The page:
Nothing makes you feel glamorous and put-together quite like a flawless dip manicure. And while dip powder nails have many pros, including lasting for up to five weeks, the in-and-outs of how to remove dip nails is not one of them.
If you’re wondering how to remove dip nails, you’ve come to the right place. The easiest way to remove dip powder nails is to file them down and soak them in pure acetone.
Let’s get into the nitty gritty of how to remove dip nails at home without damaging your natural nails.
Dip powder vs. gel manicures
While dip powder and gel manicures result in similar looking outcomes, there are key differences between gel vs dip powder nails that are important to note for the removal process.
Aside from the fact that dip nails start as an acrylic powder and gel nail comes straight from the bottle in a liquid form, gel nails don’t last quite as long as dip nails.
Dip nails require a shorter process that includes dipping the nail into the powder and applying a hardening coat on top. But the upside to dip powder nails is that they will last a week or two longer than gel.
Gel gets cured under a UV light and can in certain cases, like if you are using an LED light, take longer to get done.
Read more in our depth review of our favorite nail dip powder kits.
Dip powder removal tools
Removing dip powder nails at home is easiest when you have the proper tools.
Before you get started, make sure you have the following on hand:
- Coarse nail file
- Cotton balls
- Pure acetone
- Glass bowl
- Aluminum foil
- Hand towel
Using these tools, along with the guide below, you will be able to remove your dip nails without causing unnecessary harm to your natural nails.
Step-by-step guide to removing dip nails at home
If you want to learn how to remove dip nails at home, follow these three steps carefully.
1. File your nails
Anytime you want to remove old dip powder from your nails, the first thing you should do is file down the topcoat.
The topcoat is the final coat that went on your manicure. It’s what makes your nail color look fresh, clean, and most importantly, shiny.
Use the coarse nail file to shave down this thin layer. Doing so will make it easier for the acetone to soak into the dip powder for removal.
If you feel like going pro, pick up a professional electric nail drill like the PureNails Luxe Nail Drill from Amazon to speed up the process. It will make the filing down process go that much faster.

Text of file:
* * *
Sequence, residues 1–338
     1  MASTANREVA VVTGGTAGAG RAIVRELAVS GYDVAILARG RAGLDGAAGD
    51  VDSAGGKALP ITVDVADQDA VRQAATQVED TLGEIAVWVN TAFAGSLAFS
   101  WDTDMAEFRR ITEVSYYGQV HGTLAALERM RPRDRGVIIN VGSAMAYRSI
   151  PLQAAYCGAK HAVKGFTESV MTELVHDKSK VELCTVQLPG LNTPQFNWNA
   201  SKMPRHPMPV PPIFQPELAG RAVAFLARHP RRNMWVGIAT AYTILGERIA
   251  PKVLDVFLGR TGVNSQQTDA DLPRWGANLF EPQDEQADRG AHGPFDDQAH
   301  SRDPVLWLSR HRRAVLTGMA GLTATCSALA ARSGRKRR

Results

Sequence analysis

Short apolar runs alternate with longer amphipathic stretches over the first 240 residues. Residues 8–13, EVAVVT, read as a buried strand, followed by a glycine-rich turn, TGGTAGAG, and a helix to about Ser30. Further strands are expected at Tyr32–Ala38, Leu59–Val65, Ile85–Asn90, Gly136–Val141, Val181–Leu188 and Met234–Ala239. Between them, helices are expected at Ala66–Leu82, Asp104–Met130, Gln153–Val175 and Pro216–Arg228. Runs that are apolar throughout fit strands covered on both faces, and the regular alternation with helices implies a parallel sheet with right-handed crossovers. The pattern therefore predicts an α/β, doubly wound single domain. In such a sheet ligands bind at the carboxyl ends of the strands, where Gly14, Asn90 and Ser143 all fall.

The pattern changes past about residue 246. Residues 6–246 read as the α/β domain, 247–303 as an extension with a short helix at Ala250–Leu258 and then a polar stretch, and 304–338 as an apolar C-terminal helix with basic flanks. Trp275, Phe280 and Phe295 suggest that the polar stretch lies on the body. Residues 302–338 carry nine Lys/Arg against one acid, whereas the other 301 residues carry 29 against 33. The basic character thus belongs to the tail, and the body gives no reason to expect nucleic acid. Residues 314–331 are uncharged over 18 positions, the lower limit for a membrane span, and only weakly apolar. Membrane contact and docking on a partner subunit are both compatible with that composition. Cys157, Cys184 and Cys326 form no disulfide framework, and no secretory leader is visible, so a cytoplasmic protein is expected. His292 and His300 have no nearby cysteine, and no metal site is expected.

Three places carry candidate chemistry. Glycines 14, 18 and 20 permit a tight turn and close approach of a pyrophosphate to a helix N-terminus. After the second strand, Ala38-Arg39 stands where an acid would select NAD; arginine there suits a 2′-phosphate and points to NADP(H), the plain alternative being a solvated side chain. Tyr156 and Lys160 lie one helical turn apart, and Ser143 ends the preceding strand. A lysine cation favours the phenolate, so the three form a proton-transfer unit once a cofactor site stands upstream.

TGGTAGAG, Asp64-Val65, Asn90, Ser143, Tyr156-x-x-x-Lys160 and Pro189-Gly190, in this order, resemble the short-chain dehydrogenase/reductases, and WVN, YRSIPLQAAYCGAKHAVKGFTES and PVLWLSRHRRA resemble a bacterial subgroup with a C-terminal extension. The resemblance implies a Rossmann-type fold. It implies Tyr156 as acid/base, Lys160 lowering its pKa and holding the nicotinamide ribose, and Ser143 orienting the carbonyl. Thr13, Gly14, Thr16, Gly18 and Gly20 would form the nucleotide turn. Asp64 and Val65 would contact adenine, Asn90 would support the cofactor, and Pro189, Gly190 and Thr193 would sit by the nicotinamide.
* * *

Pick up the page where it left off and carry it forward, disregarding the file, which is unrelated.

Just be careful you don’t file so deep you end up stripping the outermost layer of your natural nails!
2. Soak your nails in acetone
You can choose from two methods to soak your nails in pure acetone.
The first is to apply acetone-soaked cotton balls to your nails, and the other is to place your nails in a bowl of acetone.
For the first method, soak a cotton ball in acetone and place it on top of your nail. Wrap the top part of your finger in aluminum foil to hold the cotton ball in place and contain the liquid. Do this for each finger and let it sit for 15 minutes.
If you’re using the bowl method, simply fill a small bowl with acetone and dip your fingers in it, leaving them in the bowl for 15 minutes.
As a pro tip, it’s great to keep petroleum jelly on hand for this process. Acetone can very quickly dry out your skin, putting your cuticles and fingertips at risk. Before applying the acetone, rub some jelly on the skin surrounding your nails to protect it.
3. Remove any excess powder with a cotton ball
Once you’ve soaked your nails for at least 15 minutes, soak an extra cotton ball in acetone. Use it to gently rub off any remaining dip powder.
It should wipe off pretty easily at this point. Wash and dry your hands and treat yourself to some follow-up care.
Follow-up care: hydrate and massage
Dip powder is an excellent option for fabulous-looking, long-lasting nails. But it can have some detrimental effects on your overall nail health. While it may be difficult to avoid these impacts altogether, a little bit of follow-up care can help keep your nails looking and feeling great.
Once you have removed the dip powder and cleaned and dried your nails, keep your skin hydrated with a high-quality moisturizer. Gently massage a fragrance-free moisturizer or OPI cuticle oil into your fingers around the nail bed and on your cuticles.
If your nails look weak and brittle from the overuse of dip powder, you can also strengthen them by adding a protective layer of nail hardener.
Using acryclic tips under your dip manicure is also a greet way to protect your natural nails from the adverse effects of a dip powder manicure. For how these two differ, check out our article on “Dip vs Acrylic Nails.”
Key point on how to remove dip powder nails
If you want to safely and effectively remove your old dip powder nails at home, a good soak in some pure acetone will do the trick. Be sure to gather your supplies beforehand, and don’t forget to protect your skin with some petroleum jelly.
Follow-up care is just as important as the removal process. Find a high-quality lotion or cuticle oil to massage into your fingers. And finally, treat your nails with respect!
Let them breathe a little before your next manicure to maintain healthy nail beds.